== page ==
Ontario doctors will not be receiving payment from the Ministry of Health for their telemedicine services during the coronavirus pandemic for several weeks. This adds to the financial uncertainty that some of the clinics in the province are facing, according to CBC News.
Health Minister Christine Elliot’s office said in a statement that new billing codes were introduced for over-the-phone care in mid-March so that doctors and patients could comply with physical distancing rules.
Her office said that they’ve seen a “considerable uptake, demonstrating a clear need” for telemedicine. But doctors say the province's billing system has not yet added the new codes.
“Recognizing the need to compensate doctors for this work, the province expects to be ready to start processing claims in early June,” the statement read.
Partly due to a shortage of personal protective equipment, Dr. Nili Kaplan-Myrth has switched most of her office in central Ottawa over to telemedicine.
“My colleagues in my family health group and other family doctors across Ontario are scared because we don't know how we can continue to provide the quality care that we are so committed to and survive financially,” Kaplan-Myrth said.
“We are being asked to work, to see all of our patients, to manage the front line in the community and we're not being paid for it.”
Kaplan-Myrth said she’s checking on coronavirus patients over the phone every day or two and helping manage her own patients' chronic illnesses.
She added that she is able to bill just over $250 for the small number of in-person visits she’s made over the last month but she still has to pay her staff along with her own bills and rent.
Family health groups remain operational based entirely on payments they receive for their services while other practices can receive funding depending on the amount of patients that are registered with them.
Ontario Medical Association (OMA) president, Sohail Gandhi called the delays “inappropriate” and said if claims are not processed until June, payments likely will not be made to physicians until July.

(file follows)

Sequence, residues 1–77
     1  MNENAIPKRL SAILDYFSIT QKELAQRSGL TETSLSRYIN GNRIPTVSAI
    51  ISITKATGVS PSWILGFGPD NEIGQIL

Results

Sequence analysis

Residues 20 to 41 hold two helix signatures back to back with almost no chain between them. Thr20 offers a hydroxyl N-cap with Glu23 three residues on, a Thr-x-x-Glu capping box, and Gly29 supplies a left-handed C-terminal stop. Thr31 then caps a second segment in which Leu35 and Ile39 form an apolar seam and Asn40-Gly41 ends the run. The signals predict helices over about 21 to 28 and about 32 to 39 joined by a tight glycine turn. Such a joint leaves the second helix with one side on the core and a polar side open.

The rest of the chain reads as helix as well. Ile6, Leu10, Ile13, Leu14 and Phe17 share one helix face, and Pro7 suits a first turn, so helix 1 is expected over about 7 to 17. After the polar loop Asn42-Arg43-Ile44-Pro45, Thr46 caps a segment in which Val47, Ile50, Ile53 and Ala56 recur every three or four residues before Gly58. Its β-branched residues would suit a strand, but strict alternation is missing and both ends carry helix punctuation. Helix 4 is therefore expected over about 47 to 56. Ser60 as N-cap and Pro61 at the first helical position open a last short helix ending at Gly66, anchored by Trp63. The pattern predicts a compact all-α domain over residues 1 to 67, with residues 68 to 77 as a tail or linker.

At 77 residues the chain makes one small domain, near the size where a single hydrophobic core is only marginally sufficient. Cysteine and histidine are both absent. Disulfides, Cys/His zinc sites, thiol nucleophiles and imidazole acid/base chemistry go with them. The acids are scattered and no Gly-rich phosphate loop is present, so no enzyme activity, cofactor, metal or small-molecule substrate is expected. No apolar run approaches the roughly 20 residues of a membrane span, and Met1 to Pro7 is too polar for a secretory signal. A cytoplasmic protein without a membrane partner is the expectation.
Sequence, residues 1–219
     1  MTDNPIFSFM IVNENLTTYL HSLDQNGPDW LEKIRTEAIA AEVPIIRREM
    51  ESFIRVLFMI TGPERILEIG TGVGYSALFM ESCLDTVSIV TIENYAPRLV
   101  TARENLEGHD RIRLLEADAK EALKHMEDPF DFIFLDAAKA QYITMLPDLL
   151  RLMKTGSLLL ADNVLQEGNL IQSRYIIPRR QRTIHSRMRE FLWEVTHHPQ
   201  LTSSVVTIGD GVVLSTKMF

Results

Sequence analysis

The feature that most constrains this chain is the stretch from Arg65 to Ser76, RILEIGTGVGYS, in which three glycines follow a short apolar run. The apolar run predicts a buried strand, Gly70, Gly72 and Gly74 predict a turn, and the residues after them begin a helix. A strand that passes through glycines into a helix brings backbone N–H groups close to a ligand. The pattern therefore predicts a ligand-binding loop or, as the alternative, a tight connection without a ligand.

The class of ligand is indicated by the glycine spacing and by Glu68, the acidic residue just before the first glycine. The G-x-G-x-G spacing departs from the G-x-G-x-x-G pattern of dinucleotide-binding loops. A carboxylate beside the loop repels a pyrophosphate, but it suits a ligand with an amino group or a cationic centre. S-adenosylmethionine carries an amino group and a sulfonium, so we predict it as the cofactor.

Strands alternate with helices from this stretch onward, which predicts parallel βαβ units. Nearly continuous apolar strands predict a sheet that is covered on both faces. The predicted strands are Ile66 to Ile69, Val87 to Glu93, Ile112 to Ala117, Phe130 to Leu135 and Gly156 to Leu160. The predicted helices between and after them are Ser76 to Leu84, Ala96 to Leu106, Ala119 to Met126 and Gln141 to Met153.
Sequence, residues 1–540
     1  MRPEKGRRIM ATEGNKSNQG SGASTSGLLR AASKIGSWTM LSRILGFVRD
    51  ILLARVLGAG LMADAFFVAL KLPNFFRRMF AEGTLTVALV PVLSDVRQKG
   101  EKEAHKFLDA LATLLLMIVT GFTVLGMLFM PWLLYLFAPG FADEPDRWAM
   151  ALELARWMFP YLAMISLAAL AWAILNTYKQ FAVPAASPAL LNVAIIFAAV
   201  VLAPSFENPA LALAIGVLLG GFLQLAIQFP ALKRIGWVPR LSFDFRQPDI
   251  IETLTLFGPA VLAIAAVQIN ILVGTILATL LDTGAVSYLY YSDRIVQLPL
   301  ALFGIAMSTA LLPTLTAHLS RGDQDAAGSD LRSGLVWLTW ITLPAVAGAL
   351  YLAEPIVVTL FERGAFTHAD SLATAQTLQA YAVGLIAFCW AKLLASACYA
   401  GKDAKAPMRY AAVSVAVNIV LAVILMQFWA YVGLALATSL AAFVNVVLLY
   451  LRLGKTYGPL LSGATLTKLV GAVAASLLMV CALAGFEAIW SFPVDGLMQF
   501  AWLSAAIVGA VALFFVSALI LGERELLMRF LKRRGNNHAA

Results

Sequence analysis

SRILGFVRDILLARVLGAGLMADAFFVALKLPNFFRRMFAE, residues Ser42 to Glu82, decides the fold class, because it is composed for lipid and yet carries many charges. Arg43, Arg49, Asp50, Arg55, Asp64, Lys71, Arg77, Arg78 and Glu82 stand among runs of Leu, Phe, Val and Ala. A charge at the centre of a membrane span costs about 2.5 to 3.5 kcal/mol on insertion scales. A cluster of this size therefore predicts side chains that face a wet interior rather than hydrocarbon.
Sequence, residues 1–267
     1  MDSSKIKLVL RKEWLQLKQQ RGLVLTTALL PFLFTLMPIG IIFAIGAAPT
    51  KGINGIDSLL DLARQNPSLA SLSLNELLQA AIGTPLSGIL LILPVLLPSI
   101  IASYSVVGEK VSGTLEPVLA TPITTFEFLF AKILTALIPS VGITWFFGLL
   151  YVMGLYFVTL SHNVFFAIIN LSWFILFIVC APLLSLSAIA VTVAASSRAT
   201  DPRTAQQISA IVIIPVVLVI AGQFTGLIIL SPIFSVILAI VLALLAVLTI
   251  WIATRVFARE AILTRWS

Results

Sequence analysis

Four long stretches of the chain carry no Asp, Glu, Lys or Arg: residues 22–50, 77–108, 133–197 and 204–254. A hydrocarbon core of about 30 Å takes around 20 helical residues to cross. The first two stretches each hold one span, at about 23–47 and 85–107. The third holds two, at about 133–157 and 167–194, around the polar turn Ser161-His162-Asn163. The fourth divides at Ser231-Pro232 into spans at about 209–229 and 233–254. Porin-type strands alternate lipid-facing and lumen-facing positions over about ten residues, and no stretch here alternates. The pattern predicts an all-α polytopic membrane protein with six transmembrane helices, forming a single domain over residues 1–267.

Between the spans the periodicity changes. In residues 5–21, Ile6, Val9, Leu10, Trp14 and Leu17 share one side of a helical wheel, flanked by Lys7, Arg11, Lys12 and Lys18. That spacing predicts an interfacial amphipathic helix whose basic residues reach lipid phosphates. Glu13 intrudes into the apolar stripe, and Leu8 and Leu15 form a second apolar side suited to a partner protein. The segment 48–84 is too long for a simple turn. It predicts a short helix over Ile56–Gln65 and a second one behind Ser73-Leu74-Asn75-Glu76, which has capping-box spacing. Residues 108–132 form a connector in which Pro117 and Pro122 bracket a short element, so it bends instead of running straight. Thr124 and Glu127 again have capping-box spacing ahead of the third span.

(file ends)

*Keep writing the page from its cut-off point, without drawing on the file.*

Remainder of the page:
“You just can't tell small businesses… that there's no payment for three months,” Gandhi said.
“That money goes to pay for nurses, it goes to pay for overhead, it goes to pay for receptionists and you can't put those people out.”
Gandhi added that the OMA is communicating with the Ministry of Health to figure out a way to get the payments to physicians. He said the proposed solutions could not be disclosed.
“We really need the bureaucrats to do the right thing here,” Gandhi said.
“If there is an urgent care clinic and if it's not viable and if it goes under, when we start to see a recovery, the patients will have no place to go but the emergency department. That's just going to put an incredible stress on our health-care system. We don't want to be in a situation like that.”
The Orleans Urgent Care Clinic is now taking telemedicine calls and saw a drop of 66 percent in office visits last month.
Dr. Raymond Aubin, the clinic's president of medical associates, said that 150 to 170 patients are usually seen by the clinic on a daily basis—helping to take some of the load off of emergency rooms.
“We expect the volume will pick back up eventually but we have this existential threat,” Aubin said.
He said the clinic has dropped from five doctors to two with a third on call. They have also had to secure a rent deferral due to lost revenues.
Aubin added that despite those measures, there will still be a monthly deficit of $30,000 with no additional government funds.